To get rid of what you no longer need is neither wasteful nor shameful. Can you truthfully say that you treasure something buried so deeply in a closet or drawer that you have forgotten its existence? If things had feelings, they would certainly not be happy. Free them from the prison to which you have relegated them. Help them leave that deserted isle to which you have exiled them. Let them go, with gratitude. Not only you, but your things as well, will feel clear and refreshed when you are done tidying.Later she starkly triages our options:
There are three approaches we can take toward our possessions: face them now, face them sometime, or avoid them until the day we die.(My mom has explicitly referenced a similar concept; she has some memorabilia from trips that bring her pleasure to have around but wants to make sure that I don't get hung up on keeping once she's gone.)
Kondo suggest a specific category-based order for tidying (and her repeated use of the word "tidy" and "tidying" is charming, or rather, almost starts to take on charm-like properties.)
Start with clothes, then move on to books, papers, komono (miscellany), and finally things with sentimental value.The books thing is interesting. Prior to this I was second-guessing myself in terms of thinking that maybe books were unfairly targeted because of their bulk, when really they can be stacked quite neatly. But maybe they are a fair-target, when using the "spark of joy" rubric:
Imagine what it would be like to have a bookshelf filled only with books that you really love. Isn’t that image spellbinding? For someone who loves books, what greater happiness could there be?And on the point of books:
Their true purpose is to be read, to convey the information to their readers. It’s the information they contain that has meaning. There is no meaning in their just being on your shelves. You read books for the experience of reading. Books you have read have already been experienced and their content is inside you, even if you don’t remember.That's a lovely and forgiving footnote - "even if you don't remember".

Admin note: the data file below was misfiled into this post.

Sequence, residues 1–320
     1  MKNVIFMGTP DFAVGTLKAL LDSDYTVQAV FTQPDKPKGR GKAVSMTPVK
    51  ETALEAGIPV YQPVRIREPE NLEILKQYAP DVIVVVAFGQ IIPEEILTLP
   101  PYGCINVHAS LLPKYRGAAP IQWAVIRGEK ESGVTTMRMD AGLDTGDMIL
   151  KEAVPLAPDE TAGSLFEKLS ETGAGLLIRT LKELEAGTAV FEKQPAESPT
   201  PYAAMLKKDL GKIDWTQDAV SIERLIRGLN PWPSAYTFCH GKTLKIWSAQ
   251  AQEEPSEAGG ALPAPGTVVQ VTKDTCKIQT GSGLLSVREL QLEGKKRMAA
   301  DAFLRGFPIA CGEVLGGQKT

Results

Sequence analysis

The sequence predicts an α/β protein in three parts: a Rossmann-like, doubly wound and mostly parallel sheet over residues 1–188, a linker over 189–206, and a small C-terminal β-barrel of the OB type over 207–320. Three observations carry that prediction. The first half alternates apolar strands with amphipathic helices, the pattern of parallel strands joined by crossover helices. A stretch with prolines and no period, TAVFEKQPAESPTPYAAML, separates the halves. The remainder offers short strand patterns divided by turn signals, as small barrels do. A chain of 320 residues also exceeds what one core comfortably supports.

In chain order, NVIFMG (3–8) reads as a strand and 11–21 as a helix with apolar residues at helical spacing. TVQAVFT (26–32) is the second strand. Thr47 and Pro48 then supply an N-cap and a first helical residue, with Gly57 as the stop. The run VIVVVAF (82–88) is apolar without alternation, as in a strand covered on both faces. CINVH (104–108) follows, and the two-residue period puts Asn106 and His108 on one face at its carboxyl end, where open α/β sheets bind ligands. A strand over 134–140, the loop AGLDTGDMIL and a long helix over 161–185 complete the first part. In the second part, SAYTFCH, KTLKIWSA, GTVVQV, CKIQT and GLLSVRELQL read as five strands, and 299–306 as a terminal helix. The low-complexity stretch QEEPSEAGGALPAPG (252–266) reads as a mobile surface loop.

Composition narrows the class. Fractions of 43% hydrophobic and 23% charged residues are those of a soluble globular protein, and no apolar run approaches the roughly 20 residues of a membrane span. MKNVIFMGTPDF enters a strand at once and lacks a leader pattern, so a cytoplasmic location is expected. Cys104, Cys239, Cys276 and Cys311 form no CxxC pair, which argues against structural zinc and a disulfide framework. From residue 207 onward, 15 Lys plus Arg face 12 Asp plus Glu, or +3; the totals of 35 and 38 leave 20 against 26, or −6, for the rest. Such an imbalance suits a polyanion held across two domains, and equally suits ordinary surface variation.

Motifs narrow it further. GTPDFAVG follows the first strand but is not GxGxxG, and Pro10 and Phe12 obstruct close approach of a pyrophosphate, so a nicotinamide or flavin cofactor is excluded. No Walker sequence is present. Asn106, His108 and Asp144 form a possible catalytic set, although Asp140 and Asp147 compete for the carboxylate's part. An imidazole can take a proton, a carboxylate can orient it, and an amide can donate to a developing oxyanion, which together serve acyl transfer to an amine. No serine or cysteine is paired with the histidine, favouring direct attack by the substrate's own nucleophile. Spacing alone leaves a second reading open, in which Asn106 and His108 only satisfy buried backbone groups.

And on my burgeoning "to get to" pile:
If you missed your chance to read a particular book, even if it was recommended to you or is one you have been intending to read for ages, this is your chance to let it go. You may have wanted to read it when you bought it, but if you haven’t read it by now, the book’s purpose was to teach you that you didn’t need it .Of course, I have to square all of that with my vision of "oh, I might want to show this book to someone someday" - or the even more ego-centric concept, that my big shelves full of books help convince people of my intellectual bona fides. Amber had me go through one deeper than usual purge a few years ago, and I guess I'm grateful in retrospect.
Things are slightly more complicated because I share a space with Miller... in fact, 5 of my bookshelves are in "his space". I would love to minimize that and arrange a few other things so that I could bring them into my own spaces, and/or swapping for the contents of two bookshelves he has in the common hallway.
Kondo's book is a brisk read. It goes on to suggest some specific patterns of tidying; besides the order of categories recommendation, the recommended technique is to gather everything in that category in one place, so that the laying of hands/spark of joy litmus can be properly conducted. (It's a bit pathetic that when I think about what currently most clearly provides that spark, it tends to be Apple products. But they're physically and virtually so well-designed, providing gateways to people I love and information I find critical or fascinating, as well as helping me keep track of my day-to-day life, that I shouldn't beat myself up about that.)
Another important concept, then, is the end goal, why tidying is so important. In the author's opinion, it clears the physical and mental space that will let us get closer to the life we want... practicing discernment in what gives us that "spark of joy" is critical rehearsal for finding that out in the rest of our lives, and acting accordingly. (In practice, there can be a "first world problems" aspect to the process; one has to recognize that being able to pare down and eliminate redundancy is a luxury... if you're fortunate enough to have money, you can keep your backup supplies in the store until you need them.)